Does fibromyalgia cause insomnia or does insomnia cause fibromyalgia? I do not have a definitive answer.
I first succumbed to fibromyalgia in 2003, and insomnia took hold of my life for seven long years; I now only suffer from occasional short bouts.
My top 10 tips for healing insomnia are:
Limit sugar, caffeine and alcohol
Sugar and caffeine are both stimulants. Eating sugar causes a spike in blood glucose levels, causing an immediate stimulation of the brain.
Caffeine acts on the central nervous system to increase alertness and attention. It can stay in your system for up to 12 hours – not so good if you are prone to insomnia!
Alcohol may help you fall asleep more quickly, but you will spend less time in a deep sleep, and more time in the less restful REM or Rapid Eye Movement stage of sleep. In addition you may have to visit the toilet more often during the night…
Avoid exercising close to bedtime
The jury is divided on whether exercising before bedtime affects sleep quality. If you suffer from insomnia, it is worth experimenting on exercising at different times of the day.
Personally, I find exercising in the evening delays sleep and impairs my sleep quality. I avoid it completely.
Avoid watching television, using a computer or mobile phone
In the evening, our bodies produce a hormone called melatonin that helps us feel sleepy, fall asleep and stay asleep till daylight. It then naturally dissipates.
However, televisions, computers and mobile phones emit blue light, which can prevent the body from producing melatonin.
If you suffer from insomnia you may find it helpful to avoid watching television, using a computer or mobile phone 2 to 3 hours before bedtime.
Bloggers please take note!
Keep to a regular bedtime
Our brains and bodies are subject to a Circadian Rhythm which regulates our sleeping patterns, our energy levels and appetite…
I was born a lark, and always feel better going to bed and waking up early. Sadly, I find late nights a problem, as my Circadian Rhythm takes a very long time to return to its usual balance.
Sometimes, I decide it is simply not worth it.
Epsom salt baths
Epsom salts are rich in the mineral magnesium, which helps to regulate neurotransmitters responsible for calming the body and the mind. Magnesium also regulates melatonin levels.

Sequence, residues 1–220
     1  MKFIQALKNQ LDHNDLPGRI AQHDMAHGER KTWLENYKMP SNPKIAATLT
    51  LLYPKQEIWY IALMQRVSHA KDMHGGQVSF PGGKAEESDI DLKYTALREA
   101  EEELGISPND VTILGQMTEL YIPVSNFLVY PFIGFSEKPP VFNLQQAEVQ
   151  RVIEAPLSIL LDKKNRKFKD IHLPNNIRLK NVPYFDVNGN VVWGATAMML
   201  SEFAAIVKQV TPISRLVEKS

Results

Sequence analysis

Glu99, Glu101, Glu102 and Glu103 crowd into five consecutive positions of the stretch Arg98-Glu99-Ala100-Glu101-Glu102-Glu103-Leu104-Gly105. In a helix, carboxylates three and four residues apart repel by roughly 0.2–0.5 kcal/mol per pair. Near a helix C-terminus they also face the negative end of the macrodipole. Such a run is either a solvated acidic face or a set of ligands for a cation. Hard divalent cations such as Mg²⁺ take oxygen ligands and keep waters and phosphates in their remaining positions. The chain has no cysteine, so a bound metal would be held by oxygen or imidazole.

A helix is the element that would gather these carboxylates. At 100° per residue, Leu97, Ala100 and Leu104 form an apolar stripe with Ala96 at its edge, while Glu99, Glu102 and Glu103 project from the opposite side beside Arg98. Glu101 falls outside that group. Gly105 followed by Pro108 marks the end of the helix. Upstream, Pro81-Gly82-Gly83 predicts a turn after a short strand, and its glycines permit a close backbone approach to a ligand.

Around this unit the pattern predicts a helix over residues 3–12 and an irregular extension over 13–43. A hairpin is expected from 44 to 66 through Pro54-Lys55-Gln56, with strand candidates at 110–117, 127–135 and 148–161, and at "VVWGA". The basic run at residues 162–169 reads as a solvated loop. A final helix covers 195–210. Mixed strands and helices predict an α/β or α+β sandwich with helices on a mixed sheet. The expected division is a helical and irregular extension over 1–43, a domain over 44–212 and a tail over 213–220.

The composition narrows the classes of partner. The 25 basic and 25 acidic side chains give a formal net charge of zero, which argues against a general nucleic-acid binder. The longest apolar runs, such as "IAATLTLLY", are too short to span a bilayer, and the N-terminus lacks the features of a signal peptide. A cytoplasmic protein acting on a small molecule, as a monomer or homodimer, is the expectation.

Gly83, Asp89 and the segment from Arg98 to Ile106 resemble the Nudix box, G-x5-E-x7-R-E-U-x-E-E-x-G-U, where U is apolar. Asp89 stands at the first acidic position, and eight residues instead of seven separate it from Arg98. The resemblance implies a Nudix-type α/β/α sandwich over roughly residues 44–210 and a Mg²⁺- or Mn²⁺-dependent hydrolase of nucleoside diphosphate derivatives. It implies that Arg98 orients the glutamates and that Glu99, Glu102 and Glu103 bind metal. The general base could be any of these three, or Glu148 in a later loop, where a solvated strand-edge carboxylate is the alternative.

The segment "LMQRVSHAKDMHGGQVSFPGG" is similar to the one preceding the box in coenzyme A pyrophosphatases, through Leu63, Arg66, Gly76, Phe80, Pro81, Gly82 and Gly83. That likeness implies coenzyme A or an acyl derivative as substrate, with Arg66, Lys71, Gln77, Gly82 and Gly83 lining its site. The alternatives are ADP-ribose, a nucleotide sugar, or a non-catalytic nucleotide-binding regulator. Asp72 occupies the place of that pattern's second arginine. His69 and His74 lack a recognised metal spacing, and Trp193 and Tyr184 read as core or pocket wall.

I find Epsom salt baths help my muscles to relax, and aid restful sleep.
I have also been taking Magnesium in supplement form for many years; I do not thrive without it.
Keep you bedroom free of clutter
One of the insights I gained through my years as a natural medicines therapist, was that CHI or energy needs to have a clear channel to flow in both our bodies, our homes and our workplace.
Clutter impedes the flow of CHI and can contribute to a busy mind, poor quality sleep, blockages in our career, the flow of abundance…
If you suffer from insomnia, please consider having a major clutter clear out in your bedroom and removing excess books, furniture, clothes lying on the floor…
Keep electronic equipment out of the bedroom
I have already touched on the detrimental effects of televisions, computers, and mobile phones on sleep quality.
If you are finding it difficult to sleep, please consider removing them from your bedroom.
Decorate your bedroom in restful colours
Pastel colours will aid restful sleep. Bright colours on your walls will do the opposite.
If you have your bedroom walls decorated in shades of yellow, orange, lime… consider changing your decor to more restful hues.
Invest in a good quality bed and bedding
We spend approximately one third of our lives asleep, therefore it is worth spending a little extra on a good quality bed. I have also invested in hypoallergenic bedding, which I wash in environmentally friendly products.
Keep a journal by your bed side
As a blogger, I often find I get my best ideas just before I nod off. I write them down immediately, lest I forget!
Life can be tough at times, but keeping an attitude of gratitude has helped me through life’s ups and downs. I write a note of ten good things each and every day in my journal, no matter how small.
If life is challenging, I remind myself that:
“This too shall pass.”
Acupuncture, Herbal Medicine, Creative Visualisation, Reflexology, Dr Bach Flower Essences, Emotional Freedom Technique and my SAD lamp have also aided in healing my insomnia.
Brigid P. Gallagher
Memoir: “Watching the Daisies – Life Lessons on the Importance of Slow” is available from Amazon and all good online book stores.
Book Trailer: https://youtu.be/r5GCjaetgZk